The scope of this article is just to illustrate the performance of arrays using the go language while iterating on different sizes of them, compared with accessing data directly (the same amount of items but not using an array).

The interesting thing is that:

1. Accessing memory on small arrays(100 items) is slower than accessing memory on a single var in a for loop of the same size,
2. Accessing memory on bigger arrays (10.000 items) is faster than accessing memory on a single var in a for loop of the same size,
3. Accessing memory on more bigger arrays (100.000 items) is faster than accessing memory on a single var in a for loop of the same size.

Let's start illustrating the code that i'm using as the base example. This program is very simple, it prints out the times table of the numbers that you pass to it.

I've created two constants to pass the dimension of the arrays:

• `NUM` i.e. the multiplicand
• `MULTIPLIERS` i.e. the multipliers

If i set the NUM and the MULTIPLIERS constants to the value of 10 (100 items) i get:

``````Execution with array took 268.772µs
Execution without array took 180.132µs
``````

If i set the NUM and the MULTIPLIERS constants to the value of 100 (10.000 items) i get:

``````Execution with array took 133.748902ms
Execution without array took 145.693206ms
``````

If i set the NUM to the value of 1000 and the MULTIPLIERS to the value of 100 (100.000 items) i get:

``````Execution with array took 11.424318589s
Execution without array took 11.463020857s
``````

Here is the code:

``````package main

import (
"fmt"
"time"
)

func main() {

// Define our parameters here.
// Change the values to see how performance change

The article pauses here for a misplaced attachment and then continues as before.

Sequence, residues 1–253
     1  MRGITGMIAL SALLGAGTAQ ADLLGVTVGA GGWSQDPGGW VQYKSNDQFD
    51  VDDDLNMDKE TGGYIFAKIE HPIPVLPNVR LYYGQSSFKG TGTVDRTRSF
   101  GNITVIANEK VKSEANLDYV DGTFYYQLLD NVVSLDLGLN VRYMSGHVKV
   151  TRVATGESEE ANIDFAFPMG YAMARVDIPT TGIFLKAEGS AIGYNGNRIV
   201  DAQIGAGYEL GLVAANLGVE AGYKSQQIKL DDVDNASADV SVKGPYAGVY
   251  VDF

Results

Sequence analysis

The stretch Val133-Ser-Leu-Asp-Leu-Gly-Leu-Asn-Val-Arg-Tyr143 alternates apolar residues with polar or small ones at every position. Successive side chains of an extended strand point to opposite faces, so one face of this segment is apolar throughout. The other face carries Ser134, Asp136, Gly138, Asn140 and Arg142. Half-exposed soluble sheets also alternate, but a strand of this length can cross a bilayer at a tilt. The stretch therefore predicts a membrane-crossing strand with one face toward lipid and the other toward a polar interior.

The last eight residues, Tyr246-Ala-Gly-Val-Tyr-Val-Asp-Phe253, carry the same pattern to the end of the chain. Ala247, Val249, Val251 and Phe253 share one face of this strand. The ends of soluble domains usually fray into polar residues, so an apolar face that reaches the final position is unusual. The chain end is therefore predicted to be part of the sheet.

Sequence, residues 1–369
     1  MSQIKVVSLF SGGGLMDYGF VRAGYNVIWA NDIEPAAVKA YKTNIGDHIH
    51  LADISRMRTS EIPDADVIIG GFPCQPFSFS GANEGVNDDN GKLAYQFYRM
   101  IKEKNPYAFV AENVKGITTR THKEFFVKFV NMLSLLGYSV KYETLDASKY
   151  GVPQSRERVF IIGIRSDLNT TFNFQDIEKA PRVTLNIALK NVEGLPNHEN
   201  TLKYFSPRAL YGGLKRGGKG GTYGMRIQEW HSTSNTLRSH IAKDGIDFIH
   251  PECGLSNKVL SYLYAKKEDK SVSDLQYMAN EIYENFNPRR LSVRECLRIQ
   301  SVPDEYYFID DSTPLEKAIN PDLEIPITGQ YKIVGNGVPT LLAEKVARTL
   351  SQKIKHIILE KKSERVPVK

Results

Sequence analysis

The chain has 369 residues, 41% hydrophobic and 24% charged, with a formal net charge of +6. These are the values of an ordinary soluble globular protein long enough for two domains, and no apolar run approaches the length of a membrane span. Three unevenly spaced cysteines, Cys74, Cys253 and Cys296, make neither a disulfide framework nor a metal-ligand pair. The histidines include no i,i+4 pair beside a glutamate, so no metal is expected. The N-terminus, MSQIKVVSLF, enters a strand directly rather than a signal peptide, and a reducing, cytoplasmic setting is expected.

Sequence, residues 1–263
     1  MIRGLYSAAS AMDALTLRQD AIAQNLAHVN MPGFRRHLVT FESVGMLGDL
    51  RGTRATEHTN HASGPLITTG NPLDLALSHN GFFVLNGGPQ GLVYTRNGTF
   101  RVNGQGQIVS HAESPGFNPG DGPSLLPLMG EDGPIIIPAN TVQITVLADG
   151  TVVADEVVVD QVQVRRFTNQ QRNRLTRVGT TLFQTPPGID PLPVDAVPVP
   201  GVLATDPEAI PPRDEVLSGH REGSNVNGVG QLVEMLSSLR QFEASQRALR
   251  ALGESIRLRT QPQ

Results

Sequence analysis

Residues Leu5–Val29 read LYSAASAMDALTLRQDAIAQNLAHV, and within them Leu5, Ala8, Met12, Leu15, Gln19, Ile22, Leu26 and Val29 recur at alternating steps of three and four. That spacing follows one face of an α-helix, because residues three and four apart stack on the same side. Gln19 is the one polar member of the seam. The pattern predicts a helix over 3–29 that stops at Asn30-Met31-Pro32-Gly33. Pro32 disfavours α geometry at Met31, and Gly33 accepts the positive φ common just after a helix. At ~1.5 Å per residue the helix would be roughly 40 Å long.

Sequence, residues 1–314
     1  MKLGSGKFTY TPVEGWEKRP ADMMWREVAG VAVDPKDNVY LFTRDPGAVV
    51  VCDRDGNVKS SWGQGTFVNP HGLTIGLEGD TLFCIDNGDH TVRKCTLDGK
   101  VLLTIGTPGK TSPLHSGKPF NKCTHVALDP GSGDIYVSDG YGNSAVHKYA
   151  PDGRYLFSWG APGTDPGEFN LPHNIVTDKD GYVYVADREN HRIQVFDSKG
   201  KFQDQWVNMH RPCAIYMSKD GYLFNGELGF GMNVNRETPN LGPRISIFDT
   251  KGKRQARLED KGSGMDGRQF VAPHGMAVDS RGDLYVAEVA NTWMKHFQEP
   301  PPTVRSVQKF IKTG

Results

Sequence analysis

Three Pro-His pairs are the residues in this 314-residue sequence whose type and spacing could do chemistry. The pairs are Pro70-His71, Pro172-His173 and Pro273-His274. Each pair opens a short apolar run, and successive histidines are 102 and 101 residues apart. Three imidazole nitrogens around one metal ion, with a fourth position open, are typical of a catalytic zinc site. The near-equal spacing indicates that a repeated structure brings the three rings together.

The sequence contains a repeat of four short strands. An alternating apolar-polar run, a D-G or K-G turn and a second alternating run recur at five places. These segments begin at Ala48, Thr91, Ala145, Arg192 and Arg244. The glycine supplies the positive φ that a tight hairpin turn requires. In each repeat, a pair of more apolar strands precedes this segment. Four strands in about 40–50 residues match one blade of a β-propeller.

const NUM int = 10
const MULTIPLIERS int = 10

arrayStart := time.Now()
fmt.Println(arrayTimesTable(NUM, MULTIPLIERS))
elapsedArray := time.Since(arrayStart)
//fmt.Printf("Execution took %s\n", elapsedArray)

fmt.Println("--------------------------------------------------------------------------")

start := time.Now()
fmt.Println(timesTable(NUM, MULTIPLIERS))
elapsed := time.Since(start)

fmt.Printf("Execution with array took %s\n", elapsedArray)
fmt.Printf("Execution without array took %s\n", elapsed)
}

func arrayTimesTable(num, multipliers int) string {
m := ""
N := num
M := multipliers

arr := make([]int, N)
for i := range arr {
arr[i] = i + 1
}

timesTable := make([]int, M)
for k := range timesTable {
timesTable[k] = k + 1
}

for i := 0; i < len(arr); i++ {
for t := 0; t < len(timesTable); t++ {
res := [...]int{arr[i] * timesTable[t]}
m += fmt.Sprintf("%v * %v: %v\n", i + 1, t + 1, res)
}
}
return m
}

func timesTable(num int, multipliers int) string {
m := ""
for i := 0; i <= num; i++ {
for t := 0; t <= multipliers; t++ {
res := i * t
m += fmt.Sprintf("%d * %d: %d\n", i, t, res)
}
}
return m
}
``````

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